IDG News Service - Flexible screens as thin as a piece of paper may be available for e-readers by early next year thanks to a project from Taiwan's Industrial Technology Research Institute (ITRI) and licensee AU Optronics, one of the world's largest LCD screen makers.
ITRI developed a manufacturing process for the thin displays and AU is in the process of converting an old factory to mass produce them, according to John Chen, general director of the Display Technology Center at ITRI.
AU Oprtonics confirmed the joint research project with ITRI but declined further comment.
"The beauty of this technology is you use today's production technology," he said, adding that there's no need to invest billions of dollars in a new factory, which would increase the price of the technology and any end-products it finally went into.
The partnership could lead to thin, flexible displays that could be added to mobile phones for a instant, pull-out screen to wearable screens on clothes or larger rolled up screens that serve the daily news at breakfast every day.
The current project is to make e-reader screens aimed at schools. The idea is that the flexible screens are more resistant to breaking, since they bend, and would make better e-readers for young children. The downside of the idea is that a new touchscreen function for the paper-thin screens is not quite ready, though it is also already being licensed by ITRI to another company that specializes in touchscreen technology.
The other point of the project is to move to brilliant color screens such as AMOLED (Active Matrix Organic Light Emitting Diode) in the future from the monochrome flexible screens that will be made for e-readers. Converting the AU factory to produce the thin, flexible screens is a project that will eventually lead to AMOLED and other kinds of paper-thin screens.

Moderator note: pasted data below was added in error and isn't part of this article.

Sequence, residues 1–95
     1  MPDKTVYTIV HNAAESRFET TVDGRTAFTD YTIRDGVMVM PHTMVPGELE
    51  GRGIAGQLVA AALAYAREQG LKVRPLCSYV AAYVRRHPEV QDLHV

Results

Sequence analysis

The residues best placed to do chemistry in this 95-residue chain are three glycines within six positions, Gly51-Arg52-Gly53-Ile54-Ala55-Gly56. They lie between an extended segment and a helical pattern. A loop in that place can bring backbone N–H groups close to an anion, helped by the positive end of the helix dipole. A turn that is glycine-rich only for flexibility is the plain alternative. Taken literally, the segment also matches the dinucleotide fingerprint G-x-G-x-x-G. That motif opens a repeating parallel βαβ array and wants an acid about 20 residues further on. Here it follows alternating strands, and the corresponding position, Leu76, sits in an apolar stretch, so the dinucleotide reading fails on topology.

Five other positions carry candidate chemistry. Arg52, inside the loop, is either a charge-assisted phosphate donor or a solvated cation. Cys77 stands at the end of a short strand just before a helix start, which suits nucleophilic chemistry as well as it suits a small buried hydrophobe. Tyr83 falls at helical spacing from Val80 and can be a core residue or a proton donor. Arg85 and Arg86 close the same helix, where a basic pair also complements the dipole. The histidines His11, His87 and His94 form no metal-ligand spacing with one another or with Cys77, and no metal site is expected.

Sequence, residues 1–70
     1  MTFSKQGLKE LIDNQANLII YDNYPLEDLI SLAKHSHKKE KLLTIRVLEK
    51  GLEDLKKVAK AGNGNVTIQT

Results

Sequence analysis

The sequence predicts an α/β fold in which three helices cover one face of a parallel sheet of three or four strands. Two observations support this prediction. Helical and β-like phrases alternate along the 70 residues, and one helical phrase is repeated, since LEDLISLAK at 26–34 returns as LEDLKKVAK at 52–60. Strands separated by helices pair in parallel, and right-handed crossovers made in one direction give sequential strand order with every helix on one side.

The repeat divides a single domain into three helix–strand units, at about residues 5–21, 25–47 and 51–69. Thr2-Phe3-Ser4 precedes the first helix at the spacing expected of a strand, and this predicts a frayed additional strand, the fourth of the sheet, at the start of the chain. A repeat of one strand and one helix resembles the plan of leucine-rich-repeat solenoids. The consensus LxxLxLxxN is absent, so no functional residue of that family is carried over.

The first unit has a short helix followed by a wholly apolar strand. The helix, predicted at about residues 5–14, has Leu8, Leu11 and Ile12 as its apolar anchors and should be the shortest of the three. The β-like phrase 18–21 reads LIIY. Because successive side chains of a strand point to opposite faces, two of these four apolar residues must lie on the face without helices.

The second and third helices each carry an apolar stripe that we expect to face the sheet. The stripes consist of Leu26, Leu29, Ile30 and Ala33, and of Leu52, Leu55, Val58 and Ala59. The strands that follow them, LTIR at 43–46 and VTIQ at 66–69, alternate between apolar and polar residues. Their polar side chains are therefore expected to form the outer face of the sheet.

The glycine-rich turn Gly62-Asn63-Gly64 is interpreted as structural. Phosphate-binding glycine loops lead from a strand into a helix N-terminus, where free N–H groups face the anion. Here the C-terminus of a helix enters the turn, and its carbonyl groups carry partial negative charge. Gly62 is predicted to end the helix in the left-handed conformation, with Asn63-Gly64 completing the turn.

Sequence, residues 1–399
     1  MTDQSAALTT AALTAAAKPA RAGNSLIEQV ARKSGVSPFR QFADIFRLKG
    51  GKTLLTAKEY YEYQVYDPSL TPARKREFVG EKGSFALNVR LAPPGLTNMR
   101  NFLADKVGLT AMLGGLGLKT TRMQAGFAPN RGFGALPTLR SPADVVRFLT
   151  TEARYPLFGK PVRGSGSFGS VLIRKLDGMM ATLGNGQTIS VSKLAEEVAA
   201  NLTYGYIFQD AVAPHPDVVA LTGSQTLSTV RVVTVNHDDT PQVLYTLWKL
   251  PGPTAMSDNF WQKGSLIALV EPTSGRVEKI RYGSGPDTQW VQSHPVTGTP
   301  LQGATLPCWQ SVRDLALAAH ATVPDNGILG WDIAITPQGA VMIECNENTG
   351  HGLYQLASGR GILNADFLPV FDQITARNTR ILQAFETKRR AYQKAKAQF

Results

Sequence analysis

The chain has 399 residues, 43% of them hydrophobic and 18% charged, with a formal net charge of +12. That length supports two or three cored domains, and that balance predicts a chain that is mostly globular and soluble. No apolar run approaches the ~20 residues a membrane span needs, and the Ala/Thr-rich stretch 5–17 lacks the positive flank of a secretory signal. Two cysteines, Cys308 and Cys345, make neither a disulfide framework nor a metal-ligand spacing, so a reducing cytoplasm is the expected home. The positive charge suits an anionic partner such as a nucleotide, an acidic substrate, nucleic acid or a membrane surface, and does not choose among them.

Coming up with a way to manufacture the thin screens was particularly tricky, said Chen.
The flexible screens are so thin, around 30 microns, that they have to be bonded to a piece of glass during the production process so they don't curl up, Chen said. Problems cropped up when they tried to lift the flexible screen off the glass at the end of the process because heat used in production caused the screens to bond to the glass, so they usually ripped. ITRI tried and failed 63 times to figure out a way to lift the finished screen from the piece of glass before a night out watching a cook led them to the result.
The cook used oil to lift thin Taiwanese crepe from a hot pan, fully intact. ITRI came up with a similar way to add a not-too-sticky material between the flexible display and the glass that enabled them to lift the flexible screen off the glass without a problem.
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